Few 16-year-old cars purchased for less than $5,000 will be perfect. Almost any car will inevitably have a number of items that need attention unless the car was worked on right before it was sold. Being proactive with preventive maintenance will help your new car start off with a clean slate. None of this is free, of course, which is why you need to have a car maintenance strategy.
As a result, maintenance and repairs become a big part of owning a used car, and the 1996 Lexus ES 300 that we bought for our Debt-Free Car Project is no different. Our maintenance strategy is to make monthly payments to ourselves, which we will then put toward repairs.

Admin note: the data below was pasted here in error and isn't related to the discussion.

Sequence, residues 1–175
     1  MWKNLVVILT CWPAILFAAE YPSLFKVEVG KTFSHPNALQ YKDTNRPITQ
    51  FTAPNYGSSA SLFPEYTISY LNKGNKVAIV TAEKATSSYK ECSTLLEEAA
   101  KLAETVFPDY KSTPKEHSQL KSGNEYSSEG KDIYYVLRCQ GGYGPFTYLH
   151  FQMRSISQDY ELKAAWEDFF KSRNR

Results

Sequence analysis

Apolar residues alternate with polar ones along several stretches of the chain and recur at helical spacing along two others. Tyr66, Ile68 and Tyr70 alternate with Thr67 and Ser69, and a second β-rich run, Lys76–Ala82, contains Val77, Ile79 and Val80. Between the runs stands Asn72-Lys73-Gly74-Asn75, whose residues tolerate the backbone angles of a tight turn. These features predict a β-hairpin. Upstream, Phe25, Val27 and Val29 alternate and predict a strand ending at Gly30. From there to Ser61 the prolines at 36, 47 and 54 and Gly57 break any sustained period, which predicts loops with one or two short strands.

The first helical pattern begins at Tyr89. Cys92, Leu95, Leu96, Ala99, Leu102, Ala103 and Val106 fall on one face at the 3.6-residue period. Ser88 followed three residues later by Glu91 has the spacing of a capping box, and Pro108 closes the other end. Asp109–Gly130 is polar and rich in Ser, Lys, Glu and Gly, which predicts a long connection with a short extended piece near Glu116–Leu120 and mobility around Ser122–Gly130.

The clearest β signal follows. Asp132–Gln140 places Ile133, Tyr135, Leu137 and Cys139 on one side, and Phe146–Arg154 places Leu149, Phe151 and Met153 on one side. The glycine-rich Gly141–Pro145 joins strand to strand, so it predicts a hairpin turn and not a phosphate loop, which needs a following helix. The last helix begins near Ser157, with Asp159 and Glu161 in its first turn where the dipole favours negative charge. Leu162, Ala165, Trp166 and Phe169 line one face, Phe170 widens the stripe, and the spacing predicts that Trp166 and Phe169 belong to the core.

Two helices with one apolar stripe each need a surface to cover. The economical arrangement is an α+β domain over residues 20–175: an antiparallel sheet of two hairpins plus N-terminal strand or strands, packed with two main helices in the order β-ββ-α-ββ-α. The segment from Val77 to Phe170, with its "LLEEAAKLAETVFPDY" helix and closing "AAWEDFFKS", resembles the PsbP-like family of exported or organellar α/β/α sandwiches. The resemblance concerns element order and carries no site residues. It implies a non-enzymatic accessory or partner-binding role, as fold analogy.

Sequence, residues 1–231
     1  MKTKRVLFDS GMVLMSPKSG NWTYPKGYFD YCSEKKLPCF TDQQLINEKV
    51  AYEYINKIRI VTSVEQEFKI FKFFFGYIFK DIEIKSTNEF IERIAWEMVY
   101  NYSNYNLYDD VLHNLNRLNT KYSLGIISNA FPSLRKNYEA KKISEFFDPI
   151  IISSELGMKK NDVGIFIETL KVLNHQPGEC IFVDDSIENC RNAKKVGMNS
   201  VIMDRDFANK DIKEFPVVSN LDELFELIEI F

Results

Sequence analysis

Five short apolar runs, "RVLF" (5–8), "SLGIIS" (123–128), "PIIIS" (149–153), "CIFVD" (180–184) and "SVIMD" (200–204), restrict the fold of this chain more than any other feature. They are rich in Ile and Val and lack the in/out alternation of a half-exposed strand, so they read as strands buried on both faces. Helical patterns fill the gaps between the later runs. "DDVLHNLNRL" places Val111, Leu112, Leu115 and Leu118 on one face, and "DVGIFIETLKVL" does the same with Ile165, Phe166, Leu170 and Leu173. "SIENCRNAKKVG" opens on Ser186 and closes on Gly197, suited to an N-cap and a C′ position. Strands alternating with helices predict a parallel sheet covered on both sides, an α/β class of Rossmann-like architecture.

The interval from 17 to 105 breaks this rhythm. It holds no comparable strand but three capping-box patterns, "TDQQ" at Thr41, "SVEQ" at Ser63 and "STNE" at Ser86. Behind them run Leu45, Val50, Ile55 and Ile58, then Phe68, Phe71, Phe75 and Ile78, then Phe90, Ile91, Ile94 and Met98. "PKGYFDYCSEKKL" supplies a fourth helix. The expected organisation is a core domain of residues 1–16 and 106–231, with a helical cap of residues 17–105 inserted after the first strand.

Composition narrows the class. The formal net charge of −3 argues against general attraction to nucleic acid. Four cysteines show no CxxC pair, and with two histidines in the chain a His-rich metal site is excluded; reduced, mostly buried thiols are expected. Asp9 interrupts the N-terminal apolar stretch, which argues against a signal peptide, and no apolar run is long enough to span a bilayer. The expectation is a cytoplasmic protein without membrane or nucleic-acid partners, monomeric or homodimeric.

For "deep subprime" buyers (those with a FICO score of less than 550), the average monthly payment on a used vehicle is about $365, according to Experian Automotive. We're using this monthly figure as the basis for our car maintenance budget. If we don't spend it, we can accumulate it over the months for fixes and upgrades. If we overspend, we'll try our best to delay repairs (when we can) or minimize costs in the following month.